More than that, once they began to listen to 78s, they listened to more and more. The records flew off their shelves and onto their turn table. More than once the author had to extract herself from an emotionally draining listening session before her host was done spinning records. 

I found her descriptions of these events to be among the most compelling parts of the book. The way these seasoned collectors still found something invigorating in these poorly produced singles reminded me of enduring power of simple rituals.

It also made me want to go and put a CD in my ole CD player (a 1992 vintage Nakamichi CD4), warm up the tube amp (a very recent Audio Research VSi60), and listen to my big Zu Omen Defs with their old school full-range drivers. 

Trash, Pollution, and the Rural World

I have really enjoyed getting back into some scholarly habits the past couple weeks. I have even engaged in this primitive activity where I open a bound stack of paper and read the words, in order, written on each. I’ve heard that some scholars call it reading.

I was pretty excited to read some of the contributions to the Stephanie Foote’s and Elizabeth Mazzolini’s little volume called Histories of the Dustheap: Waste, Material Culture, Social Justice (MIT 2012). The book collects a series of articles on the history of trash, waste, and rubbish, and grounds them, to varying degrees, in the cross-disciplinary nexus of material culture studies and critical theory. The book, however, avoids being too theory laden and manages to speak to practical issues as much as conceptual ones. This practical edge reflects a particular strength of recent work on the history of trash and discard.  

The article that caught my attention most in the volume was Phaedra Pezullo’s “What Gets Buried in a Small Town: Toxic E-Waste and Democratic Frictions in the Crossroads of the United States.” She looks at the politics surrounding the discard of PCB in Bloomington, Indiana and locates her treatment in a larger consideration of rurality and pollution in American (although arguably also in global) history. Marginal places, like the rural west (e.g. North Dakota or Alamogordo, New Mexico) become the settings for morally ambiguous practices. It is hardly a leap to apply many of these paper to my recent research in the Bakken Oil Patch in sparsely populated western North Dakota or role in excavating Atari games from a landfill at the edge of a small town in New Mexico. 

In fact, the long Western tradition of sparsely populated, “wild” places as the source of various kinds of corrupting influences (from the so-called Germanic hordes who supposedly destroyed the Roman world to the uncivilized “wildlings” in the Game of Thrones) has provided a context for activities that would be far more problematic in the more densely built up core. The willingness to treat the periphery in a different way also captures the binary logic of Western colonialism where behaviors and attitudes unacceptable in the core meet with ambivalence in colonial places.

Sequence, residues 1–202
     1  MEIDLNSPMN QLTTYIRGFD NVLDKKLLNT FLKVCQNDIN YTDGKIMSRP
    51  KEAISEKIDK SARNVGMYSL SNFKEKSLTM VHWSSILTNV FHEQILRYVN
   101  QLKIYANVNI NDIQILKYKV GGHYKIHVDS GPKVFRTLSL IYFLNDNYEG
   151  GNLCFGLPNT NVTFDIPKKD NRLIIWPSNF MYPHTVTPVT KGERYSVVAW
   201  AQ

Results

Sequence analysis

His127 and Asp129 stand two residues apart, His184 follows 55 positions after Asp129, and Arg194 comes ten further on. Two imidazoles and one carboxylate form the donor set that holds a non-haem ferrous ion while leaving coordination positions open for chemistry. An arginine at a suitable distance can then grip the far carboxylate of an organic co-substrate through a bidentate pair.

This process of internal colonization follows the rough and irregular edge of a rural-urban divide across the United States. Pollution caused by extractive industries in, say, the Bakken Oil Patch in western North Dakota, is simply the “price of progress” for residents of the core and for small communities who see sacrifice as a road to deeper integration with the core and access to economic and political power. In Pezullo’s study of Bloomington, Indiana, the social, economic, and political power of companies like Westinghouse helped to protect the use of PCBs in manufacturing in Indiana even as the risks became visible and known to the community. The absence of strong counterweights to wealthy and powerful corporate interests pervades the Bakken as well.  

Pezullo’s observations on pollution in rural America could likewise be applied to the dumping of thousands of unsold and returned Atari video games in a landfill in Alamogordo, New Mexico. This moment in time reflects the “remoteness” of Almagordo from the prying eyes of shareholders. The presence of White Sands missile range nearby only reinforces the suitability for this sparsely populated stretch of rural land for activities set apart from the settlements and interests of most Americans. 

The next paper in the book looked at the discard and collection of trash on the slopes of Mt. Everest. Further chapters considered the pollution present in minority neighborhoods impacted by hurricane Katerina in New Orleans. Most of the papers considers the social construction of discard practices and pollution as mediated through varying degrees of economic and political remoteness. For anyone interested in grasping better how trash fits into our modern (and arguably premodern) world, the studies contained in this volume are valuable reads.